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Avishai Londner

Broomrapes (Orobanche and Phelipanche spp.) are destructive obligate plant parasites in Israel and in the Mediterranean basin. Conventional methods for parasitic weeds detection are difficult, since the parasite seeds are extremely small (dust-like seeds) and survive in the soil for several decades. Here, we report the development of specific molecular markers rbcL1 based on rbcL (large subunit of the ribulose-bisphosphate carboxylase) gene from Orobanche crenata and ITS100 based upon unique sequences in the internal transcribed spacer (ITS) regions of the nuclear ribosomal DNA of Phelipanche aegyptiaca. Genomic DNA was extracted from soil samples artificially infested with broomrape seeds or tissue of P. aegyptiaca, O. cumana and O. crenata and subjected to PCR analysis. rbcL1 marker, successfully differentiate between O. crenata and O. cumana, amplified a specific PCR products (1300 bp with O. crenata and 1000 bp with O. cumana). However, the rbcL1 marker failed to amplify soil samples with seeds or tissues of P. aegyptiaca or any soil-borne DNA. ITS100 marker and Real-Time PCR, allowed quantitative diagnostic of the parasite O. cumana in a soil sample; amplified a specific PCR products (100 bp). As expected the universal control primer (UCP-555) amplified a PCR product (555 bp), when genomic DNA extracted from soil samples with or without broomrape tissues. The development of an efficient, simple and robust molecular marker to detect and distinguish between broomrape species, has a significant insights on the assessment level of infestation and planning eradication program of the parasite in a field crop.

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Development of specific molecular markers to distinguish and quantify broomrape species in a soil sample

Avishai Londner

Development of specific molecular markers to distinguish and quantify broomrape species in a soil sample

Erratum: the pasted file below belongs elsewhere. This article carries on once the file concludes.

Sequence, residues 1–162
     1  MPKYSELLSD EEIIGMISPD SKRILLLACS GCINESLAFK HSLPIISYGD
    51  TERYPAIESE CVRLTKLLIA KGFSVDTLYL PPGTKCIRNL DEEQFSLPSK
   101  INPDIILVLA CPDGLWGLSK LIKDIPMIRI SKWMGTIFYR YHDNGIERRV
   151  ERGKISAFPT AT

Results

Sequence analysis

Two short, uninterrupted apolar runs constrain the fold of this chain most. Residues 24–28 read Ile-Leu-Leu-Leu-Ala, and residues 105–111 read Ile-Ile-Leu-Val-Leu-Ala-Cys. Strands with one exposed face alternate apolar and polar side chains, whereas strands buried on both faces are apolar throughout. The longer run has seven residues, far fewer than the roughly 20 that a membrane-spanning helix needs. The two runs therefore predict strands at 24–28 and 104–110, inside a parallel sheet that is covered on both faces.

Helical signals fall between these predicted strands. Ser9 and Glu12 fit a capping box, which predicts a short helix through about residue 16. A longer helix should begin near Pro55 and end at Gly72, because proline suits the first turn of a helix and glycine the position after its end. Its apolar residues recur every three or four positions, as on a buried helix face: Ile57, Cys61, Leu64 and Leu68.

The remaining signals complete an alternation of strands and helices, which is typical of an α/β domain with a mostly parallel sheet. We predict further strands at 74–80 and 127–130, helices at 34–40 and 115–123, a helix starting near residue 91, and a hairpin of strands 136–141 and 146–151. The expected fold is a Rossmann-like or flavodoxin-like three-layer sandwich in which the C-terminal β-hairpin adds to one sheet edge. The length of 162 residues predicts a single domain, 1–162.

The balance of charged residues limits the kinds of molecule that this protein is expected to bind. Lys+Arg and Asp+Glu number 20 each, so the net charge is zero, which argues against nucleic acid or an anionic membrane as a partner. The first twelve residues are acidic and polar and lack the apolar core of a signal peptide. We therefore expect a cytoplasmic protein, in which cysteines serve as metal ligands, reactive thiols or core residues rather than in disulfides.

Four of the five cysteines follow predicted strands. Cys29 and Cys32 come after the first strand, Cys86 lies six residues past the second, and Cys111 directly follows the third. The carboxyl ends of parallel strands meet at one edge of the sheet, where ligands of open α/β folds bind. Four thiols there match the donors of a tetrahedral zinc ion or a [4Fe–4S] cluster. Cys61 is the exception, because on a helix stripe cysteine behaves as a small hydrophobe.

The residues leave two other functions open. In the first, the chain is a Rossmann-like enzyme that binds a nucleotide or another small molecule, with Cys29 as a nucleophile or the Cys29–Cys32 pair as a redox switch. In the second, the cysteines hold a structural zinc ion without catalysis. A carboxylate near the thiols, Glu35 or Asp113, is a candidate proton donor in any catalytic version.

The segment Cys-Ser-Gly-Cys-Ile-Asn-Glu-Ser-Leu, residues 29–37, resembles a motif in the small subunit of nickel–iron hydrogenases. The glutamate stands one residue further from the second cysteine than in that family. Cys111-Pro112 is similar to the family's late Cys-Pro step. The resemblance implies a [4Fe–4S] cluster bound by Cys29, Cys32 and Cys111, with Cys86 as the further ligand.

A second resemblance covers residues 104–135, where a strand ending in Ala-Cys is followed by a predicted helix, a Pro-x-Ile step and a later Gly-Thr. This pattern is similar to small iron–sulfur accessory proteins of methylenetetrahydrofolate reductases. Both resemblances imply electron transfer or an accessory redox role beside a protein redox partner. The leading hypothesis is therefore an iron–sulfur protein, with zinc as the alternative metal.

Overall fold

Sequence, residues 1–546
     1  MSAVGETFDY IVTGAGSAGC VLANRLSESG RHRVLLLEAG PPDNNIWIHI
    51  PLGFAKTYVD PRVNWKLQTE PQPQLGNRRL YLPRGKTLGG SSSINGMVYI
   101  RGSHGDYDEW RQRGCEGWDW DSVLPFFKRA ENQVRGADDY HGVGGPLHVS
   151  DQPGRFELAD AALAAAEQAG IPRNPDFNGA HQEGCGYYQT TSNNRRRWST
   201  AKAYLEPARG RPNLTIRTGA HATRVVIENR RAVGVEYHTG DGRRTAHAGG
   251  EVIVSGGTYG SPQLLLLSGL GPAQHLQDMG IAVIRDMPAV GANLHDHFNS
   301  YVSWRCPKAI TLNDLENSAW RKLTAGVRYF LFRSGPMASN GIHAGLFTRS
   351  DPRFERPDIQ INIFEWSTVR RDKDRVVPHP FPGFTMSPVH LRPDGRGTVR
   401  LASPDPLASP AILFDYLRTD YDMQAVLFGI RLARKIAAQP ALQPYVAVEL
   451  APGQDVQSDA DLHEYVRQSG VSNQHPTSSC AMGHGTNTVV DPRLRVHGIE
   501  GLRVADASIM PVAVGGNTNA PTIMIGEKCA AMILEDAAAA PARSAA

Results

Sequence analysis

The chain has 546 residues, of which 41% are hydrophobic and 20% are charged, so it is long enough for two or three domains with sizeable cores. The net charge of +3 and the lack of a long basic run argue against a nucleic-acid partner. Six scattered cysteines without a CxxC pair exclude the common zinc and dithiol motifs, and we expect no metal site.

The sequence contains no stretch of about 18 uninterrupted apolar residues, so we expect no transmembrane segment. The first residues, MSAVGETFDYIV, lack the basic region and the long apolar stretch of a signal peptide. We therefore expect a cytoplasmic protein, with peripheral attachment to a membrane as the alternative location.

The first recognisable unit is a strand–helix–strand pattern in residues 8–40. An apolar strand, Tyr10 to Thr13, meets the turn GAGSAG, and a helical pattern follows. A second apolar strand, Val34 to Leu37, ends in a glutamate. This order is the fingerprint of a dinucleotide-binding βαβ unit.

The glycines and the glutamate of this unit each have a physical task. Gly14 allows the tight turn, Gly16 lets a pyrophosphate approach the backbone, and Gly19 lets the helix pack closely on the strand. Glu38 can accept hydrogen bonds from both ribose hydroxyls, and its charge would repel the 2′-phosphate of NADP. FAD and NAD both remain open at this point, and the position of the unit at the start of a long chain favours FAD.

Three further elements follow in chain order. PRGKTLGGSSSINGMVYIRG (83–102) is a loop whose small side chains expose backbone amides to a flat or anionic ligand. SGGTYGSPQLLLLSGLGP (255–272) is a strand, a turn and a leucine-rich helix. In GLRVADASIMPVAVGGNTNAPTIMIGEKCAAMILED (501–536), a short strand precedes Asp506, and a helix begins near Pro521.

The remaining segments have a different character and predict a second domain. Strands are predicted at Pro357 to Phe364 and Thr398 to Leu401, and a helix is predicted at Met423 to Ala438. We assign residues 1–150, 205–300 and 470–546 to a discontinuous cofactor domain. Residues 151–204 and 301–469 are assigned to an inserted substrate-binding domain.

Broomrapes (Orobanche and Phelipanche spp.) are destructive obligate plant parasites in Israel and in the Mediterranean basin. Conventional methods for parasitic weeds detection are difficult, since the parasite seeds are extremely small (dust-like seeds) and survive in the soil for several decades. Here, we report the development of specific molecular markers rbcL1 based on rbcL (large subunit of the ribulose-bisphosphate carboxylase) gene from Orobanche crenata and ITS100 based upon unique sequences in the internal transcribed spacer (ITS) regions of the nuclear ribosomal DNA of Phelipanche aegyptiaca. Genomic DNA was extracted from soil samples artificially infested with broomrape seeds or tissue of P. aegyptiaca, O. cumana and O. crenata and subjected to PCR analysis. rbcL1 marker, successfully differentiate between O. crenata and O. cumana, amplified a specific PCR products (1300 bp with O. crenata and 1000 bp with O. cumana). However, the rbcL1 marker failed to amplify soil samples with seeds or tissues of P. aegyptiaca or any soil-borne DNA. ITS100 marker and Real-Time PCR, allowed quantitative diagnostic of the parasite O. cumana in a soil sample; amplified a specific PCR products (100 bp). As expected the universal control primer (UCP-555) amplified a PCR product (555 bp), when genomic DNA extracted from soil samples with or without broomrape tissues. The development of an efficient, simple and robust molecular marker to detect and distinguish between broomrape species, has a significant insights on the assessment level of infestation and planning eradication program of the parasite in a field crop.

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